The New Balance Sheet

  • Joseph A. DiVanna
  • Jay Rogers
Part of the Corporations in the Global Economy book series (CGE)


Throughout previous centuries, when investors bought into a company, they assessed the relative value of the tangible assets and the firm’s ability to generate additional wealth using a variety of mechanisms such as the price-earning ratio. The common perception was that a firm with more assets meant a greater generative capability; therefore, a bigger firm laden with tangible assets was better. Adam Smith’s and David Ricardo’s theories that value was a reflection of the labour required to produce a product were balanced against William Jevons’s idea that value was derived from the utility of the product represented by consumer demand. Both ideas seemed plausible and correct, each providing an explanation that value, to most companies, came from tight cost controls and a fat marketing budget. However, throughout the last twenty-five years, the true nature of what generates value is slowly becoming clearer to both investors and management teams: people or human capital, which can be described as assets consisting of knowledge, skills, ideas and talent, indeed plays a much larger part in corporate success than previously imagined. In 1995, the Brookings Institution indicated that there was a measurable shift from tangible assets, which represented 62 per cent of a company’s market value in 1982, to intangible assets reaching that same level by 1992.2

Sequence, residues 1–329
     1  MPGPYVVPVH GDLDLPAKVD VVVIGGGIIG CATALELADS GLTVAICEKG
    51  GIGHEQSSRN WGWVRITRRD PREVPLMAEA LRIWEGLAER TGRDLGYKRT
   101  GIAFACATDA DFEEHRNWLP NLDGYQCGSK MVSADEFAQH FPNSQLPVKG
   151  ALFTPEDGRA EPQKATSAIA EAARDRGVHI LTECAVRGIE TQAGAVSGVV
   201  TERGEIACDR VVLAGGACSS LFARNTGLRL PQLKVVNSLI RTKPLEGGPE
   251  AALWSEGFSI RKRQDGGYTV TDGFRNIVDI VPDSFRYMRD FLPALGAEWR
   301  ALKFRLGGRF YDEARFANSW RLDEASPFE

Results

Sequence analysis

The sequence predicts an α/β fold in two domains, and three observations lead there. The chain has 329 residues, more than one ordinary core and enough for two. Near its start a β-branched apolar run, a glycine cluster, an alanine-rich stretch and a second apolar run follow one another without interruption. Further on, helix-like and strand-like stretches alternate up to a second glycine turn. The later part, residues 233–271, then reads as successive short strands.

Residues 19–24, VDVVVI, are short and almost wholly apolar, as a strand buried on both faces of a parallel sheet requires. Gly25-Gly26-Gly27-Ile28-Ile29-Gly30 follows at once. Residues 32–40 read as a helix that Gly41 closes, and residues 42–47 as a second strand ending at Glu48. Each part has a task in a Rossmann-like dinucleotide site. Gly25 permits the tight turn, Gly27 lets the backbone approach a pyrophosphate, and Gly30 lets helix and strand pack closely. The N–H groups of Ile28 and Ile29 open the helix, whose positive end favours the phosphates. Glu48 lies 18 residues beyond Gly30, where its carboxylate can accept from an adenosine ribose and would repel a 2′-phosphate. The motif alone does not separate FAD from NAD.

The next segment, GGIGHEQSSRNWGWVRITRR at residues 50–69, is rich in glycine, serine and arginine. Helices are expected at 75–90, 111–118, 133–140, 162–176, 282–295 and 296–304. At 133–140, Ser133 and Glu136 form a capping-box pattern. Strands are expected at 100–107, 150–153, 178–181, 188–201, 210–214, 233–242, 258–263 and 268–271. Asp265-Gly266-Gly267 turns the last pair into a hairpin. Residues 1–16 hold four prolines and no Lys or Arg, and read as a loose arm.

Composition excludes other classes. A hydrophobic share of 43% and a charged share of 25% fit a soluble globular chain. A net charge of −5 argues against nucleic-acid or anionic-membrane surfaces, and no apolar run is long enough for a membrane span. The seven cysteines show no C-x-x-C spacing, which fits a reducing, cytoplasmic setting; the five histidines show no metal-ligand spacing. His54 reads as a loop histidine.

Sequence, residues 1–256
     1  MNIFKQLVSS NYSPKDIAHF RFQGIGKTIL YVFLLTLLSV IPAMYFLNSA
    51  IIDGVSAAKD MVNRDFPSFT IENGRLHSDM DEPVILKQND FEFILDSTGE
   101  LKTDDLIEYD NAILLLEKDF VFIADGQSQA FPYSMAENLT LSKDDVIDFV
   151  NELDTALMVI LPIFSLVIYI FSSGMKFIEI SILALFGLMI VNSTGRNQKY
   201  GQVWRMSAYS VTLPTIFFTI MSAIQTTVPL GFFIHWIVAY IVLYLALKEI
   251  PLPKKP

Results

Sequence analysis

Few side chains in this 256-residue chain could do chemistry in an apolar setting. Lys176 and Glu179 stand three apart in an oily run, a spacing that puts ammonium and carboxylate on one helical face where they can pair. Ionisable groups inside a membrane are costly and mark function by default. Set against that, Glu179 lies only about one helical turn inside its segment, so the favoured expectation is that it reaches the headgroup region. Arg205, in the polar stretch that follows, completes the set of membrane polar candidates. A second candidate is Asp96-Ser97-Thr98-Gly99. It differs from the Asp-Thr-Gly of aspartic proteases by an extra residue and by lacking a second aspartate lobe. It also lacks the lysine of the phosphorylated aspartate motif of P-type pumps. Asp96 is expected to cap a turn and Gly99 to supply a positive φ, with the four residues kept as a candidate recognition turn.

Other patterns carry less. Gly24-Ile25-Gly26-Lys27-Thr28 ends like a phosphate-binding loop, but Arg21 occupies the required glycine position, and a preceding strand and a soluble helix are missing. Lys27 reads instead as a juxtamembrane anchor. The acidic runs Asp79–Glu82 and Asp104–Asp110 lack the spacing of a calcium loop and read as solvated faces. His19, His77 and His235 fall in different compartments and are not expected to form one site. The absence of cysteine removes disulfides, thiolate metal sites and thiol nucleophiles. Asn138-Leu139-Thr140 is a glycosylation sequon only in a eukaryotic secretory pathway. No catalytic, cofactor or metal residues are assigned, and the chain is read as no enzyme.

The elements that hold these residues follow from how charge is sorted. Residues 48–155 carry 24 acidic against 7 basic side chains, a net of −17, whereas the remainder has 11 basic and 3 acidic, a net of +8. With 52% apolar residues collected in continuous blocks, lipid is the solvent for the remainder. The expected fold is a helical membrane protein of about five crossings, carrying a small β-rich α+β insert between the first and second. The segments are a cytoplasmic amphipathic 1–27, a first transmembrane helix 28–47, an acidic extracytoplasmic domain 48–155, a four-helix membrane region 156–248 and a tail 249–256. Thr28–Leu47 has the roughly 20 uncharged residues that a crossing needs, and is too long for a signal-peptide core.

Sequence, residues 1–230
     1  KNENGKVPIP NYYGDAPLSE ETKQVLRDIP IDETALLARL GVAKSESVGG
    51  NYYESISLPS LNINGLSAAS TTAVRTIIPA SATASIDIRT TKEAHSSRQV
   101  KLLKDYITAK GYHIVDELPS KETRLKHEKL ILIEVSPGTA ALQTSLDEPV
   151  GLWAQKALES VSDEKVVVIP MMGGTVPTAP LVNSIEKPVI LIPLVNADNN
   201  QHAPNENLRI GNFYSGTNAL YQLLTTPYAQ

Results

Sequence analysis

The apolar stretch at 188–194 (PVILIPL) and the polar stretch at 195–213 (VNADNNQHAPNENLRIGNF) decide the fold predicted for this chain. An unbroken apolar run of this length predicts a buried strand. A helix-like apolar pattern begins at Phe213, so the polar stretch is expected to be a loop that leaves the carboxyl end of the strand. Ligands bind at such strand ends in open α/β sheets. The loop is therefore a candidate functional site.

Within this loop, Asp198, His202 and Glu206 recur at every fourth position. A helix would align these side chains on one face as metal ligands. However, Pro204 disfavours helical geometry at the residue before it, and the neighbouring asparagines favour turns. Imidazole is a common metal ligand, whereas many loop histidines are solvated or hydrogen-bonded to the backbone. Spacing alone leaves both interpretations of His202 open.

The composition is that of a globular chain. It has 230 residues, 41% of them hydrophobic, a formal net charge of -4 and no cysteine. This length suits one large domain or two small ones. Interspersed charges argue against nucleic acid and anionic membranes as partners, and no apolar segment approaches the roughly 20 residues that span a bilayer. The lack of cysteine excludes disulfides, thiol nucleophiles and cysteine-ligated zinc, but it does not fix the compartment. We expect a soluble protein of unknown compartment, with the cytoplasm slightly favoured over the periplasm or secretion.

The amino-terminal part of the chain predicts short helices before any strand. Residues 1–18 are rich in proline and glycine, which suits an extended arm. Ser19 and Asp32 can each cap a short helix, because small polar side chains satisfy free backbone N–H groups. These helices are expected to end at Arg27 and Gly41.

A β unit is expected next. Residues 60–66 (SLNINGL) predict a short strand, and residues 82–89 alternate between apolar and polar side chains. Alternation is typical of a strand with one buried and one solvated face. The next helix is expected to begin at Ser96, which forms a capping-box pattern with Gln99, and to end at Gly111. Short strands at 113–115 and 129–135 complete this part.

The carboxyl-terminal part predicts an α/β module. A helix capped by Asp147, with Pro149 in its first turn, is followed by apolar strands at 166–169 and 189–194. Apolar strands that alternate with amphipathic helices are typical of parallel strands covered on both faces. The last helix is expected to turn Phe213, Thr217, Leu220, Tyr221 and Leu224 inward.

Human Capital Business Process Balance Sheet Core Competency Intellectual Capital 
These keywords were added by machine and not by the authors. This process is experimental and the keywords may be updated as the learning algorithm improves.


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© Joseph A. DiVanna and Jay Rogers 2005

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  • Joseph A. DiVanna
  • Jay Rogers

There are no affiliations available

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